The US Department of Energy (DoE) has revealed its 2015 fiscal year budget with more funds allocated for solar but a crucial Investment Tax Credit (ITC) axed.

The ITC will be replaced at the end of 2016 with a refundable Production Tax Credit (PTC) that is based on the electricity produced by a system once it is already built. The ITC offered a 30% tax credit on installed solar systems.

US industry body the Solar Energy Industries Association (SEIA), has warned that this is less use to solar than other technologies because of the high initial capital costs involved.

“The PTC simply can’t address the upfront costs of fuel-free solar projects, and we believe the Administration’s sudden, 180-degree shift in tax policy could have devastating consequences on the future development of solar energy in America,” said Rhone Resch, president and CEO of the Solar Energy Industries Association (SEIA).

“While we appreciate the White House’s strong support of solar in the past, the ITC should be preserved as catalyst for future economic growth.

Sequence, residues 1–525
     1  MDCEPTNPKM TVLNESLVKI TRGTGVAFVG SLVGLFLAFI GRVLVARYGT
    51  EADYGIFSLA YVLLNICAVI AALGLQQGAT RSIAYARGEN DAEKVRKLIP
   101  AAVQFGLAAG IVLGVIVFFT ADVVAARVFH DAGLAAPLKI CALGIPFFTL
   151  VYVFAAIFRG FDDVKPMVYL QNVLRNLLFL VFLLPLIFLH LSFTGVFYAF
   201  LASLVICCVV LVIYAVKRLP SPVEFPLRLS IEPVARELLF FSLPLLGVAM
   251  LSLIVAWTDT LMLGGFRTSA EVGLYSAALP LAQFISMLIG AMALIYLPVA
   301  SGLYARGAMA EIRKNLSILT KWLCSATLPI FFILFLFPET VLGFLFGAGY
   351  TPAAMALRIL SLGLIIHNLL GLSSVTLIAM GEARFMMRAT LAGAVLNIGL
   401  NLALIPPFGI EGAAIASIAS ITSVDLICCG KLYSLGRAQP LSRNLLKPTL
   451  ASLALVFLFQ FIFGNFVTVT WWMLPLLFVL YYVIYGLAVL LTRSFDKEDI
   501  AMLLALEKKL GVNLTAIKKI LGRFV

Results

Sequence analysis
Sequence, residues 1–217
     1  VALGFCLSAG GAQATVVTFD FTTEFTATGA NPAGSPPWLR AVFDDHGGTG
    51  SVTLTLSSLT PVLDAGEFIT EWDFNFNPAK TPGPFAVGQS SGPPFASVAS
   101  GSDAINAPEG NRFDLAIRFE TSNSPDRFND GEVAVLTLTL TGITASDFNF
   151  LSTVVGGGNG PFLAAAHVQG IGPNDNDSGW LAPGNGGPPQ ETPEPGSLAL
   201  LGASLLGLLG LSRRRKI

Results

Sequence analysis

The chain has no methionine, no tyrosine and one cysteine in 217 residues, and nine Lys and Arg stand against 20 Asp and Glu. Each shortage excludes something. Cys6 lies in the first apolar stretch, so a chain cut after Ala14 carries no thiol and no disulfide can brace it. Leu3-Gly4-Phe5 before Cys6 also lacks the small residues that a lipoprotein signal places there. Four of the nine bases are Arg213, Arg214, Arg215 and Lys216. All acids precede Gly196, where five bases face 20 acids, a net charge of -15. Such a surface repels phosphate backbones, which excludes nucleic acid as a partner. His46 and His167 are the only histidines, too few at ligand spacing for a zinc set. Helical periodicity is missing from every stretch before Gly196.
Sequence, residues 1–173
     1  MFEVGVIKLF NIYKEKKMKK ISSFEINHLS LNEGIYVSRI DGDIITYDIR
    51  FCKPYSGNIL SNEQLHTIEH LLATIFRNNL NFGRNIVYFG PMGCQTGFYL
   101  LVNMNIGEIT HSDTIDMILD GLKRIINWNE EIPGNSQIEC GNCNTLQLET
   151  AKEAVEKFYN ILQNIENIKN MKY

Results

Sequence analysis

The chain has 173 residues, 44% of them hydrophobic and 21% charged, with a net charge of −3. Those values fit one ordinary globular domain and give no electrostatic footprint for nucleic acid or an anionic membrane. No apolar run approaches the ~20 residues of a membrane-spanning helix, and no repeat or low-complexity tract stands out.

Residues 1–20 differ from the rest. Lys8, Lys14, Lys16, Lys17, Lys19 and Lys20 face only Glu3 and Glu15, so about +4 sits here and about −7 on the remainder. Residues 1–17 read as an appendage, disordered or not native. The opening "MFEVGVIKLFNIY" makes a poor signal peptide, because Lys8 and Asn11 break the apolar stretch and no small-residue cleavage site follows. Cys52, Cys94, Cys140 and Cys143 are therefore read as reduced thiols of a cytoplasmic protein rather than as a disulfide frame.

“The ITC has helped to make solar energy a true American success story. Replacing it with the PTC is the wrong move at the wrong time. Since the solar ITC became law in 2006, installed solar capacity nationwide has grown from 680MW to nearly 13GW,” added Resch.

Despite the tax change, the DoE’s discretionary budget for solar energy has increased by 9.8% to US$282 million, compared to what was spent in the fiscal year 2014. More resources will be ploughed into research into cost reduction for concentrated solar power (CSP) as the DoE looks to help the industry achieve grid parity and improved storage capability.

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